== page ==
"We decided to keep the liquor -- which had been sold from a separate space next to the old grocery store. That way, for this first foray into a new field, we would have liquor as another draw," he said.

By contrast, this first jump into making prepared foods is almost like going into the restaurant business, Polsky said.

At the retailer's other stores, which average 20,000 square feet, only three products -- chicken salad, tuna salad and shrimp salad -- are made in-store. Other deli items are sourced from manufacturers. Here, everything is cooked on premises, even the roast beef and turkey.

Polsky told SN how Magruder got ready for the big switch.

"We hired a consultant who owns two restaurants in the area. He helped us find a chef and loaned us some of his managers to help get our food-preparation staff trained. We also hired a designer to help us deliver the message that we have freshly prepared, quality food at a reasonable price," he said.

"Then we got in an airplane and flew around the country looking at other people's operations." Asked what operations had the most influence, Polsky said, "Those in the Seattle area, particularly Larry's Markets." He said he was particularly impressed by the decor and by the large variety of salads Larry's offers.

For decor at the remodeled store here, Magruder decided on a clean, airy, light look, "but not too upscale," Polsky said. "We didn't want to scare people away. Our deli prices are a little higher than those in a regular supermarket, but they're not as high as some of the independent specialty delis."

Keeping the clean, light look and downplaying "upscaleness" presented a particular challenge.

Lighting plays a big role. "We're using white, enameled grills over the lights, and there is a lot white and light colors," Polsky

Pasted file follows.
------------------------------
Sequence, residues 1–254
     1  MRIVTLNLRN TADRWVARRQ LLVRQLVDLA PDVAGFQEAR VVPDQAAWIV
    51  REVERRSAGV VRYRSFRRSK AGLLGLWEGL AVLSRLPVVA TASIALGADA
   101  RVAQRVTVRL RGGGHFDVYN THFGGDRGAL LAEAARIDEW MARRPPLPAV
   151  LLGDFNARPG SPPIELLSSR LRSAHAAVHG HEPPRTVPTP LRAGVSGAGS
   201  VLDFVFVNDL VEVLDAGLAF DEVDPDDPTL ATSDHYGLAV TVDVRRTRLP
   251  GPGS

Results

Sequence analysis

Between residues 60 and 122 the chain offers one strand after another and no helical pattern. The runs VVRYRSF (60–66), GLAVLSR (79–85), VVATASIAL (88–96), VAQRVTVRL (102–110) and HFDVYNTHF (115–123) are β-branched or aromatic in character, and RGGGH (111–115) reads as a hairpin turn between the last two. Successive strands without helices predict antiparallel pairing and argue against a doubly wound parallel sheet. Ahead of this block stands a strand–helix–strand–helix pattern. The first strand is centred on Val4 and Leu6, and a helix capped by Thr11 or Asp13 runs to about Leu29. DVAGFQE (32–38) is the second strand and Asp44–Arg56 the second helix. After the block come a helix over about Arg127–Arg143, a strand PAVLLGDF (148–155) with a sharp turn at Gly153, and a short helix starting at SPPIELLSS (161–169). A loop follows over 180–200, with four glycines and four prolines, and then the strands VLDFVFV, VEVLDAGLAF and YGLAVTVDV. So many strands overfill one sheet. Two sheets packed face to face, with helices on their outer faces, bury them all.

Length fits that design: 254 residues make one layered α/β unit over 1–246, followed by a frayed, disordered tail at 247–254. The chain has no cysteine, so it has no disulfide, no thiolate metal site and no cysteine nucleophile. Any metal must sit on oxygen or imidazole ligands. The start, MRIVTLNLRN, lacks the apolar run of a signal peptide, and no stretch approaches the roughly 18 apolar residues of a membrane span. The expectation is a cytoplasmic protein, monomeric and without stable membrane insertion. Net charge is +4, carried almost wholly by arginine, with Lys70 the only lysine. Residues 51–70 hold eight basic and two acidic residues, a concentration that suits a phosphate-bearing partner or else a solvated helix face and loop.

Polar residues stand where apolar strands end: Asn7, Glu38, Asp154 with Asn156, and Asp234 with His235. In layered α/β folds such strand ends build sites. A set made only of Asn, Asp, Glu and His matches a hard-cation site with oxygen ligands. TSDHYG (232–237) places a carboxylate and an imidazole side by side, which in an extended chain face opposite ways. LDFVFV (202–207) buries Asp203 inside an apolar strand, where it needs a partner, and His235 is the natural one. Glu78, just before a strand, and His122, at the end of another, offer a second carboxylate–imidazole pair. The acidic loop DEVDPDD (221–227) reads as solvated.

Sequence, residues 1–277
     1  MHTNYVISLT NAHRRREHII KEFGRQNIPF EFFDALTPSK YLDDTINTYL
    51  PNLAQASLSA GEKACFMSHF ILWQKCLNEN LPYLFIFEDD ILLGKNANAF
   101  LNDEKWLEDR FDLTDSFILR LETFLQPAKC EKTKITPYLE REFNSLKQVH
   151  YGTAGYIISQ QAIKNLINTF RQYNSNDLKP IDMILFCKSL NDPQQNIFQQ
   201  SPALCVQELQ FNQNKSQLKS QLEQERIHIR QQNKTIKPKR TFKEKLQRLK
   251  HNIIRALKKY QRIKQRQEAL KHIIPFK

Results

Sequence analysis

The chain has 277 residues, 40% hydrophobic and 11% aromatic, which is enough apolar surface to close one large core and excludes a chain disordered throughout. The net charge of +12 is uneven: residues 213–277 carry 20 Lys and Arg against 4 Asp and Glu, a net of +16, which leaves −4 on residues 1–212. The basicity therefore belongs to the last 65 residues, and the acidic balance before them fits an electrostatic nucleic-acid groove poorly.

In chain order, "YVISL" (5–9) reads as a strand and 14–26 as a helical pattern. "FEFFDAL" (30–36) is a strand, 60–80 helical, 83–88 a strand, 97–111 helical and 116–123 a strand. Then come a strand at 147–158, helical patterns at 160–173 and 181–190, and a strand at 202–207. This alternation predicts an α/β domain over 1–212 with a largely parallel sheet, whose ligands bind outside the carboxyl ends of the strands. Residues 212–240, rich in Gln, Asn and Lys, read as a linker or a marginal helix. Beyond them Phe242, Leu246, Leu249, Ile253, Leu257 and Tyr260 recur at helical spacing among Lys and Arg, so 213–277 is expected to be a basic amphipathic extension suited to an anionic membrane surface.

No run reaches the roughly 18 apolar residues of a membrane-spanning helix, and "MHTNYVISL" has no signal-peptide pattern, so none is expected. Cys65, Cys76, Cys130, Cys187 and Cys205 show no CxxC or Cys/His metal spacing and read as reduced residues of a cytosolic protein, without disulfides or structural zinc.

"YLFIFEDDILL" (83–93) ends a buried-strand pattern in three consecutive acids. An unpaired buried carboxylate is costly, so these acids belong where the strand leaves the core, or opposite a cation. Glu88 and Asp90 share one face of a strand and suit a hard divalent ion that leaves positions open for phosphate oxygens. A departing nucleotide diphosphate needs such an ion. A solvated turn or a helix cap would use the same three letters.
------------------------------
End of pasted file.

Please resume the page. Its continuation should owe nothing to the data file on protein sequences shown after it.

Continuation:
said. "But, for example, to keep from looking too upscale, we stuck with metal shelving for liquor, and even the wood wine racks are not highly polished," he added.

Flooring is made up of squares of light gray carpeting, which Polksy said is easier to maintain than tile.

The deli occupies only 15% to 20% of the 6,000 square feet. It's close quarters, but even that can be a plus, Polksy said. "All preparation and cooking is in the open. Our ovens are our kitchen," he said. "We have space in the basement which we could have used for cutting and chopping and other preparation, but we decided it wouldn't be efficient. And this gives us some activity for customers to see. We've also purposefully kept counters and even liquor racks low so that customers can see the whole store. I think it makes it seem bigger than it is," Polsky said.

Besides the theater provided by open prep and open cooking, the retailer is delivering the "fresh" message in other ways. Prior to the deli's opening, handouts in the liquor store announced that food freshly prepared in-store would soon be offered. One of the fliers read: "Good prepared food ready-to-go doesn't have to cost a lot. Cooked on the premises: pot pies, quiches, baked meat and vegetable lasagnas, rotisserie chicken, beef brisket, gourmet roast beef, turkey, pasta salads, black bean and corn salad."

The flier also was distributed to nearby condos and apartment buildings.

Salad prices range from $2.99 to $4.99 a container. And here are some sample entree prices: 6-inch pot pies, $3.99 each; vegetable lasagna, $3.99 a pound; chicken dijon, $6.99 a pound, and individual meatloafs, $1.99 each.

Meal packages are next on the agenda to attract customers' attention. "That'll be a good way, too, to introduce new products. We could pair an already popular entree with a new salad, and see how people like it," Polksy said.

"We started out with a brunch package that's very popular. We offer a pound of lox, an 8-ounce bar of cream cheese, six bagels, an onion, a tomato and a cucumber for $10.99. We've been selling 100 of those on Saturdays," he said. Currently, the store cannot stay open on Sundays because liquor stores in this suburb of Washington must, by law, close down on Sundays. However, a "Farmers Market," which is all produce and occupies the nearly 2,000 adjacent square feet that used to house the liquor store, does remain open on Sunday. It, too, helps deliver the "fresh" message, Polsky said.